That isn’t the end of the film, though. We get an interesting scene where Sanada and a girl who works at the local sake shop that Matsunaga had frequented get into a discussion about the meaning of Matsunaga’s death. I recalled Ikiru, a movie I’m already fairly familiar with, and how the main character (played by Shimura) dies and then his colleagues spend the final section of the film discussing the meaning of his death. It refocuses the film on Sanada, turning the meaning of Matsunaga’s life and attempted recovery from tuberculosis at Sanada’s hands, in the cesspool that was contemporary Japan, into a reflection on those who must continue on. Sanada isn’t going to leave the city like Matsunaga was supposedly thinking about doing, he’s going to stay on and try to heal what he can.

The emotional heart of the film is Sanada, and I think that’s effective enough. However, the bulk of the film is focused on Matsunaga, and it’s not really hard to see why. Mifune was a great screen presence, even in his impossibly young form at twenty-eight years old. He’s instantly watchable as he lords over the frame with Shimura or sulks away in degrading form as his sickness takes hold. Kurosawa found something special in this young actor, and he exploited it to the fullest. I don’t think the movie was built for it, though, so while I do enjoy the film overall, I still feel like a page one rewrite to refocus the whole story would have been a more appropriate approach to the change in focus rather than just robbing Sanada of the spotlight. Mifune is watchable every moment he’s on screen, and he’s on screen a lot, but the movie shouldn’t be his. It should be Shimura’s.

The film is good, though, despite the change in focus. It shows that Kurosawa could improvise quickly to capture something worth capturing. That it helped start one of the great director/actor combinations is just gravy.

Rating: 3/4

8 thoughts on “Drunken Angel”

  1. For me, this is one of the higher-tier Kurosawa films.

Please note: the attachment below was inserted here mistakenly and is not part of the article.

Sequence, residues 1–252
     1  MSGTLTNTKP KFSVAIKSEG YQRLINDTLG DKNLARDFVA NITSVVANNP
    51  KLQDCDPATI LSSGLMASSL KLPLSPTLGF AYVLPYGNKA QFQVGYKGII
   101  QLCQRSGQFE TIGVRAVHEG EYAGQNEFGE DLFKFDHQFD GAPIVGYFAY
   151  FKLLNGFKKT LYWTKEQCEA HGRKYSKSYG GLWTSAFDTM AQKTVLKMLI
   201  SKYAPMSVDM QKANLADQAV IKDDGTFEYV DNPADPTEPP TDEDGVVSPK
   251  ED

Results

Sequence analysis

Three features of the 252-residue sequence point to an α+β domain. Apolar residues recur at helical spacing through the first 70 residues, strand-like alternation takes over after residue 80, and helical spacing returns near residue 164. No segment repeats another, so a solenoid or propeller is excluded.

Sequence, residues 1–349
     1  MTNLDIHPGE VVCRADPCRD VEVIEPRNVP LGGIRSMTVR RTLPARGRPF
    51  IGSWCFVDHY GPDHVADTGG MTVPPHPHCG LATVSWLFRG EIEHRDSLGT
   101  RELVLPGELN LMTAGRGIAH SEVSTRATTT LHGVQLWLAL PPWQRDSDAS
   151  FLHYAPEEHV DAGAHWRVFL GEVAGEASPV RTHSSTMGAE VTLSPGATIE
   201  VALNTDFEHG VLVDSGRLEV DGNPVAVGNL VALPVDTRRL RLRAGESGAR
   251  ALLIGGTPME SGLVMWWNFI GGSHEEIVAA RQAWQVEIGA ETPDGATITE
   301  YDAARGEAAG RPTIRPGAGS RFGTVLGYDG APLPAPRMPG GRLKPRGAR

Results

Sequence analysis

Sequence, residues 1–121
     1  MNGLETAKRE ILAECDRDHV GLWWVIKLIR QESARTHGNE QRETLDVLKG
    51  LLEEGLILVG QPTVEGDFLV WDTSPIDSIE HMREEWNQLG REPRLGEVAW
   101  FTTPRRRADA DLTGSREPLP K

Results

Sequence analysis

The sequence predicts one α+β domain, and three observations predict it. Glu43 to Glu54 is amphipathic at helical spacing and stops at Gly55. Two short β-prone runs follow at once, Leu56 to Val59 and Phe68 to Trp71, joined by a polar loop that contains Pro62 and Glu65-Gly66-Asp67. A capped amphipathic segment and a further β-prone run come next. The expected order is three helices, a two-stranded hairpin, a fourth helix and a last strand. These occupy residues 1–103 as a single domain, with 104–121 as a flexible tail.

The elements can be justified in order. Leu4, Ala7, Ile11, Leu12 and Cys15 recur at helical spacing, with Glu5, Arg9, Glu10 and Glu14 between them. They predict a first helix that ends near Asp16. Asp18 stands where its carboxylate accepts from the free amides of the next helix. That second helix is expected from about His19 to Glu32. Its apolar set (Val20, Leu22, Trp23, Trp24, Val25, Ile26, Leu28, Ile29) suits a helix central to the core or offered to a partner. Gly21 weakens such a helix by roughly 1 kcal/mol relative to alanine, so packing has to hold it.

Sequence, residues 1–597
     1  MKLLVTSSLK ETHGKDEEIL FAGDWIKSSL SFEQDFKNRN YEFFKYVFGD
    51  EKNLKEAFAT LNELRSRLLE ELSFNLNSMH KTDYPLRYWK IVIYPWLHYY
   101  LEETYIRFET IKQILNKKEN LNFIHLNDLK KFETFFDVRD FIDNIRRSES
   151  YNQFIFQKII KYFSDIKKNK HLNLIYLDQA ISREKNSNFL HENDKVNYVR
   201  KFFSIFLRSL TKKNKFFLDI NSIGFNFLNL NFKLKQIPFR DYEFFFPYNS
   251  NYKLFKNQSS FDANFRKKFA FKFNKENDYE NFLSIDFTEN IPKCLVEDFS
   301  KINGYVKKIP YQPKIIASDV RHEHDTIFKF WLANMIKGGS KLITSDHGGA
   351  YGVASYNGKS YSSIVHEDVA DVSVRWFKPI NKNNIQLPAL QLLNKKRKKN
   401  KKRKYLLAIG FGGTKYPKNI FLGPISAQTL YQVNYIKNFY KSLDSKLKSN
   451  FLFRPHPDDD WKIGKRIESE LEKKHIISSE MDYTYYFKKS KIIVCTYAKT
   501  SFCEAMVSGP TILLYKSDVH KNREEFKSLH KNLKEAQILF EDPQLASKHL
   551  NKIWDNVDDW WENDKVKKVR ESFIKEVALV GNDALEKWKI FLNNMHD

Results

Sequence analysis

It’s theme, the sickness of Japan, is well executed.
    I agree that Mifune overshadows the protagonist, but frankly Mifune is one of the greatest actors, ever, anywhere. It’s like putting Daniel Day Lewis in your movie, whatever role you give him, he’s going take over the screen. (Gary Oldman is actually good enough to either steal a scene or disappear into it)

    But Matsunaga’s a good character and this is a good early Yakuza film where we see the culture and norms and expectations of a literally ancient gangster society. Sanada is more magnetic, but Matsunaga suffers. He chooses.

    I think this is more than just a good movie, it might be a great one.

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    1. The thematic material is definitely there, and Mifune is amazing. I also have become a big fan of Shimura who’s a more subtle but equally engaging actor.

      From what I understand, this was a production that began during a strike, so it kind of feels like it was rushed into production while the rest of the studio was on strike. There was probably also a certain lack of attention from studio heads who were more concerned with the strike than the production, which gave Kurosawa more room to do whatever he wanted on set. It’s all a theory, but I would imagine that’s how a lot of this improvisation and looking for the story during production happened, with Kurosawa discovering how far he could go with this new, exciting talent in Mifune. He knew of him before from editing another film that Mifune had acted in, but this was his first time with him as director.

      The stuff with Mifune is kind of magic, but I also wish the production had simply been revisited to the point where they recast it as his story rather than Shimura’s. That balancing act doesn’t come off as well as I think it should, making Mifune’s actions feel a bit unmoored from the story being told, limiting the emotional impact of his ending on me.

      I’m pretty sure I’m in the minority on this one, though. Most people are like you and seem to love it as much as Kurosawa’s other great works.